4 Wet & Wild Cave Floating Adventures

This summer, cool off in a cave. From canoeing, to wading, to cave tubing, there’s an underground experience for everyone. Let’s go cave floating!

Cave Floating Image: Stalactites drop down from the top of a cavern—hovering above turquoise water which is illuminated from below. Fish can be seen swimming.

Discover why caves get a bad wrap when you have an amazing time floating down watery caverns.

Deep, dark, and foreboding… Yep. That pretty much sums up what comes to mind when you hear the word “cave,” which is a shame. The fearless know that these underground chambers are fun, mesmerizing, and not nearly as scary as they’re made out to be. Find out for yourself as we explore four (4) of them. Ready to add a wet and wild element to your holiday?

Spelunking, or Caving, Explained

What keeps people from having adventures? Aside from fear, it’s misunderstanding technical terms. Hear the term ‘spelunking’ and you think you’ve got to be some serious hiker and mountaineer—possibly boasting a scuba certification, because you can’t explore caves without your headlamp, rope, carabiners, and a wetsuit in case the cavern floods. This is only one form of spelunking because even children sometimes go caving. ‘Spelunking’ or ‘caving’ is defined as: Noun - the exploration of caves, especially as a hobby. Verb - explore caves as a sport. In other words, if you enjoy wandering through caves when you find yourself outdoors, then you enjoy a form of spelunking.

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Additionally, there are many ways to explore caves. In this article, most of those ways will be to go cave floating, which is exactly what it sounds like. The medium may change, but you will float your way through caverns which are prone to flooding or contain sections of rivers which flow through them. So, if you have a good pair of shoes and a childlike sense of curiosity, you have almost everything you need for some spelunking of the cave floating variety. On to our first stop…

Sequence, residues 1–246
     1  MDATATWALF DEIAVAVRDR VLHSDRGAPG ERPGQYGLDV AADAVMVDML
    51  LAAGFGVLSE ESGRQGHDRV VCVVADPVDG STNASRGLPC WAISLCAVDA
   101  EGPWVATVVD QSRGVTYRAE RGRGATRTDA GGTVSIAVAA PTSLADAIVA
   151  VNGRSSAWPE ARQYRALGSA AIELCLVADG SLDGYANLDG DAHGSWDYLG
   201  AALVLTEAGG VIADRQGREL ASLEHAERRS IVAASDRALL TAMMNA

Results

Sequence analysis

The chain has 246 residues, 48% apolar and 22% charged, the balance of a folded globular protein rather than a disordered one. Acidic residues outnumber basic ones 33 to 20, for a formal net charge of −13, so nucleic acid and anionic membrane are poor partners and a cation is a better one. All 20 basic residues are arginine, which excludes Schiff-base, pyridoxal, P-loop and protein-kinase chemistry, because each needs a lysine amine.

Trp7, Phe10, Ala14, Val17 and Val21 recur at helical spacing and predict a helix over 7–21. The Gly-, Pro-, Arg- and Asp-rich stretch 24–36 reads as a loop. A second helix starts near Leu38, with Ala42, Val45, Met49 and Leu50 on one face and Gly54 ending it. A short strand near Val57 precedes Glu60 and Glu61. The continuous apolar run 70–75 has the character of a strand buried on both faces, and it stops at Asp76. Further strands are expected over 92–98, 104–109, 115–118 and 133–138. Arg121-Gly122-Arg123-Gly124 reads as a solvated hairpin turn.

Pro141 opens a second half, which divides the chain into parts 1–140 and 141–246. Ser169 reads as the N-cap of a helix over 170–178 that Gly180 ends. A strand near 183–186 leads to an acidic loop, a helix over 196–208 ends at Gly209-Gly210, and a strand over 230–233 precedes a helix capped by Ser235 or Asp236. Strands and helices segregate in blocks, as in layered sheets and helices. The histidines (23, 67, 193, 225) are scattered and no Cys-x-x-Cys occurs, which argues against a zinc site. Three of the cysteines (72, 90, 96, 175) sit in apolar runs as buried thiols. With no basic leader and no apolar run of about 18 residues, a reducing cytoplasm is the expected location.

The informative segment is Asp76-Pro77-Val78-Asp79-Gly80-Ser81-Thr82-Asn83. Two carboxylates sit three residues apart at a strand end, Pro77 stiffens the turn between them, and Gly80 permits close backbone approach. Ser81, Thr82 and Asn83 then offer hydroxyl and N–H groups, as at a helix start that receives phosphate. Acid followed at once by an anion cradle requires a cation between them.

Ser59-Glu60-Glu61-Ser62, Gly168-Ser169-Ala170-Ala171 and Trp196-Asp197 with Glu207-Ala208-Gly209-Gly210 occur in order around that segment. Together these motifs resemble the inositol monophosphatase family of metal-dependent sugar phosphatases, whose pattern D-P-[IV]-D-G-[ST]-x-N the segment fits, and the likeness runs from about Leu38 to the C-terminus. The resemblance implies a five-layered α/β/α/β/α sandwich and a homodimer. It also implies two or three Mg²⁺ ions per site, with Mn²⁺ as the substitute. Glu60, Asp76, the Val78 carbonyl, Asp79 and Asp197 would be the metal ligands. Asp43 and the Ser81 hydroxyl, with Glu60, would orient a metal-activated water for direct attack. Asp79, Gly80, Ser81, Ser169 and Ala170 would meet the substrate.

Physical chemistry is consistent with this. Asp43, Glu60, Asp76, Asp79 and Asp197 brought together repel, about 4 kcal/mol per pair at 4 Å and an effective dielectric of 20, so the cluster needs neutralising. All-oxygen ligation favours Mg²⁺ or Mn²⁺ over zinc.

Educational: Indian Cave, Cuba

Cave Floating Image: A photograph showing a lightly lit rock wall caressed by ebbing water in Cuba's Indian Cave.

This may not be an iconic image, but we're still in Cuba. Trade in the sun and sand for a cool subterranean adventure.

The surprising first stop on our expedition is Cuba. There, you’ll explore Indian Cave. Though this cavern somewhat ominously gets its name from the human remains of Guanajatabey Amerindians, it should be noted that this indigenous group once used this cave for shelter, and there are no more artifacts or remains to be found. Instead, a well-lit path will lead you to a pier. From there, a motorboat will take you on a guided tour of the cave’s subterranean river.

If you’re travelling with children, this excursion is a unique opportunity to take them on a mysterious (yet educational) adventure. The guide will discuss cave formations, and everyone will have the chance to identify creatures which are similar in shape but vastly different to the animals they’re familiar with above ground. Fish, crabs, and other aquatic life take on a transparent appearance and live sightlessly, as the dark home they’re accustomed to has rendered pigment and eyes unnecessary.

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Lakeside Secret: Bayano Cave, Panama